SAN JOSE, CA: EBay used Twitter to live blog its March 11 analyst day, possibly the first organization to do so. In preparation, the company created new social media guidelines for reporting material information that drew on the expertise of its legal and communications teams, which it announced on its blog March 6.
Chief eBay blogger Richard Brewer-Hay posted the Twitter updates throughout the analyst day. He called it a “successful” event that drew fresh audience engagement.
Brewer-Hay told PRWeek that he received many new followers after announcing what eBay planned to do. “Going into this weekend, we had 700 followers. By [the morning of March 12], we [had] over 960,” he said.
The audience included analyst firms, PR agencies, IR bloggers, and other members of the media, Brewer-Hay continued. During the course of the analyst day, he posted more than 140 Tweets.
The goal for its social media push is to become part of the conversation on all of eBay's platforms, said Jose Mallabo, director of corporate communications for eBay. Besides the eBay auction site, the company has a number of other sites and services, including PayPal and Skype.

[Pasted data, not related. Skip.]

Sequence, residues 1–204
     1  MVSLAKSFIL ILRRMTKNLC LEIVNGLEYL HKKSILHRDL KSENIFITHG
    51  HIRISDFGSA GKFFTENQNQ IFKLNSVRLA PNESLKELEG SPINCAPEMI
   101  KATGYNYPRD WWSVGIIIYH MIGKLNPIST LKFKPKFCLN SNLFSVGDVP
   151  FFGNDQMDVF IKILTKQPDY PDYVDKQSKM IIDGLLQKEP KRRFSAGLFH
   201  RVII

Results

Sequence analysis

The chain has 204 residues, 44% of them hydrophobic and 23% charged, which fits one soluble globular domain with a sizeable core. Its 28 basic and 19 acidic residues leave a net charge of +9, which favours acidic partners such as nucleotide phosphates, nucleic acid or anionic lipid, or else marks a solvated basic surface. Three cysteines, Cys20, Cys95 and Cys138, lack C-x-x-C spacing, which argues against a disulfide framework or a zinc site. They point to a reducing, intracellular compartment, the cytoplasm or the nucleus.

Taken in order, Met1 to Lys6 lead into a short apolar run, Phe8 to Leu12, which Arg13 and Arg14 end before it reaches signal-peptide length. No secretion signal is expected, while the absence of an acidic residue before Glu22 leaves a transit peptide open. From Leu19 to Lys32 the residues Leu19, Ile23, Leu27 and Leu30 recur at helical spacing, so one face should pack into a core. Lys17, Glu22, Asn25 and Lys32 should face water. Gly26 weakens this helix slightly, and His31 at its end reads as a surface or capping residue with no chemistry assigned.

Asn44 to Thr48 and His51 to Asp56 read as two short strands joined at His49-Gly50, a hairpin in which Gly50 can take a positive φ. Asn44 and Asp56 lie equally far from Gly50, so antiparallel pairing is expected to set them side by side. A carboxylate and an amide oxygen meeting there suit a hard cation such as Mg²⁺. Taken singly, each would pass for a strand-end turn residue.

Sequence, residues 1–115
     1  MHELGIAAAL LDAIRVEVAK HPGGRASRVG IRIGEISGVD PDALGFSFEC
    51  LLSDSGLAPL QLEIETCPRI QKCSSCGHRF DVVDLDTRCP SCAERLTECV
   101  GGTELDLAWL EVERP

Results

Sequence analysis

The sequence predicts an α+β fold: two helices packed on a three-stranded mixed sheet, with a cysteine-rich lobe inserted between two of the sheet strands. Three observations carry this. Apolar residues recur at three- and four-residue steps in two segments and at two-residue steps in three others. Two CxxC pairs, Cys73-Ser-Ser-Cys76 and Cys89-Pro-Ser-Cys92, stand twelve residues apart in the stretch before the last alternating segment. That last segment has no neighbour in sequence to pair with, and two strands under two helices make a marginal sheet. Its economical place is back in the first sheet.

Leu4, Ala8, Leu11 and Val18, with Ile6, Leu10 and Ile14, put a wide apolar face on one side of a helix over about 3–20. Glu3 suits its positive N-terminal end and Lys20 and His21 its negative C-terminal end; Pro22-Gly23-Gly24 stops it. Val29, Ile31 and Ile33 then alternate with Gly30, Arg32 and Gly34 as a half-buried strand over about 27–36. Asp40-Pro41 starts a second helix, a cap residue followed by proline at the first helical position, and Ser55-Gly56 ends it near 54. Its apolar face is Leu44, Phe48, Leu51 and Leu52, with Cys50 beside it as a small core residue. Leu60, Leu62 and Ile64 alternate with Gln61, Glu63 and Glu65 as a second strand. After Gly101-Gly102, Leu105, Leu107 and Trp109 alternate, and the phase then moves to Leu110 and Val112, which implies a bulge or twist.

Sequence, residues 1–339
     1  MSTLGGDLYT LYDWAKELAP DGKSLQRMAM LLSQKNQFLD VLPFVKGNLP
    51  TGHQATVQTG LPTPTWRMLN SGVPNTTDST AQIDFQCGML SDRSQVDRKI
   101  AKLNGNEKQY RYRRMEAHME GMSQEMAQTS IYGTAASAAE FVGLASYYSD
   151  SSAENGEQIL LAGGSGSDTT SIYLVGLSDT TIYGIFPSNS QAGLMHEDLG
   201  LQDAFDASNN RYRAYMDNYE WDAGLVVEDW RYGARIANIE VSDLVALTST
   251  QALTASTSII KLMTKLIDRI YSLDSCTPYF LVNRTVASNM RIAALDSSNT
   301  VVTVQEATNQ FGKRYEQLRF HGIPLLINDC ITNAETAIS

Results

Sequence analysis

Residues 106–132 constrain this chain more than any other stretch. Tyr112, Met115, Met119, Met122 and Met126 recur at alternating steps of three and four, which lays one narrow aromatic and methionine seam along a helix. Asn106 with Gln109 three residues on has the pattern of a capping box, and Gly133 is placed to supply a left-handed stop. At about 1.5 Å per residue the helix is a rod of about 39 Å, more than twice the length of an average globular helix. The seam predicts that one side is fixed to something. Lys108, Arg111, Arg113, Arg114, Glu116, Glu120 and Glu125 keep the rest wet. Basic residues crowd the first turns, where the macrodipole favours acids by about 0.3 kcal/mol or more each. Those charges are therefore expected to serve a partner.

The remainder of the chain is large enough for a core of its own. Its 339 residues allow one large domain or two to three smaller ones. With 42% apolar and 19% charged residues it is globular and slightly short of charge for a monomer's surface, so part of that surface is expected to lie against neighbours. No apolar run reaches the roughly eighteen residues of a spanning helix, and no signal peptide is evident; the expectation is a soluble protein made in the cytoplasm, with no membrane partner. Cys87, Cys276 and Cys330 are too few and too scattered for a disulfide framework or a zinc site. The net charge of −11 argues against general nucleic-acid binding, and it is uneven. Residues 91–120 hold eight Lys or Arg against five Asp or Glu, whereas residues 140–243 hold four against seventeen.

“We... have media, analysts, [etc] that cover us, [and] we had to start engaging in... dialogue that's been happening without us,” he added.
EBay began using its blog, eBay Ink, to cover quarterly earnings results four quarters ago, and Twitter for earnings three quarters ago. However, this was the first time that it put into place its new social media guidelines, which include prefacing Tweets with cautionary language. It also launched a legal page on its blog to further describe cautionary statements.
The guidelines were developed internally. EBay works with Voce Communications on its social media strategy.
The National Investor Relations Institute (NIRI) has been working with the Securities Exchange Commission (SEC) and its members to integrate new media into the IR process. Social media gives companies “a bigger microphone,” said NIRI president and CEO Jeff Morgan. But Twitter's 140-word count poses new questions that blogs did not.
“Trying to get your message out and not creating confusion is really a challenge,” he noted.